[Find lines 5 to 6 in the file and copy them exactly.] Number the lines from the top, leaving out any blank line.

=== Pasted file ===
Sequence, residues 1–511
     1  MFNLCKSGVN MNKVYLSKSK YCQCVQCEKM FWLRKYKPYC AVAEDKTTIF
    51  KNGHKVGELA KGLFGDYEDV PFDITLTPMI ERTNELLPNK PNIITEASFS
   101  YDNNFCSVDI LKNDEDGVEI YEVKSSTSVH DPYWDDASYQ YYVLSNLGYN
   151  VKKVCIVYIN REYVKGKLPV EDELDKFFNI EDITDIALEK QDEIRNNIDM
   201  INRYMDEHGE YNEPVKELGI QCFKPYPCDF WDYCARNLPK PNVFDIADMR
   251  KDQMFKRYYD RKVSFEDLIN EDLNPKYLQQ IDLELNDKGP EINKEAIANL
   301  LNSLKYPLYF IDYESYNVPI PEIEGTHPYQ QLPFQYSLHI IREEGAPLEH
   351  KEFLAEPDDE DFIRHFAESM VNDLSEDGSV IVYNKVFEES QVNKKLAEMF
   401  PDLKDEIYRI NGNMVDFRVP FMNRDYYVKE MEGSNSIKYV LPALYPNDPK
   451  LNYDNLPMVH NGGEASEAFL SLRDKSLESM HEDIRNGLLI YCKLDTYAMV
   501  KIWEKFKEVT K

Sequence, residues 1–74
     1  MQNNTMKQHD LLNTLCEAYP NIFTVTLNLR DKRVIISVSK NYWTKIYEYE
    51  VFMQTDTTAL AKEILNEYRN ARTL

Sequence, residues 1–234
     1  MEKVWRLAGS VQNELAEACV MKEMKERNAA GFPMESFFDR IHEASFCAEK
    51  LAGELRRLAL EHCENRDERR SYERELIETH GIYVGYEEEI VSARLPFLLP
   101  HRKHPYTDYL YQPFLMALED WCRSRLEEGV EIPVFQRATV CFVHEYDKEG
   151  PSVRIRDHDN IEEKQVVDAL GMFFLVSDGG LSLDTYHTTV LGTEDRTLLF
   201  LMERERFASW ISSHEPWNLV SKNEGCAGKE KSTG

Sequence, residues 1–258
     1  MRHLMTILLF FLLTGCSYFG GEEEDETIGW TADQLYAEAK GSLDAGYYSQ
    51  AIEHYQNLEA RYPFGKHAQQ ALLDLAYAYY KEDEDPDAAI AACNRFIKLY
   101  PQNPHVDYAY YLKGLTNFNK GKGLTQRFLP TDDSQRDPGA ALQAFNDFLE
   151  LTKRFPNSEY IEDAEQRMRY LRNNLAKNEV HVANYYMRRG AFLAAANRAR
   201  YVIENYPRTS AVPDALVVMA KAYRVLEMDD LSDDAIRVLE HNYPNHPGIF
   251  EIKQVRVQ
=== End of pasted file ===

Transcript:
   151  VKKVCIVYIN REYVKGKLPV EDELDKFFNI EDITDIALEK QDEIRNNIDM
   201  INRYMDEHGE YNEPVKELGI QCFKPYPCDF WDYCARNLPK PNVFDIADMR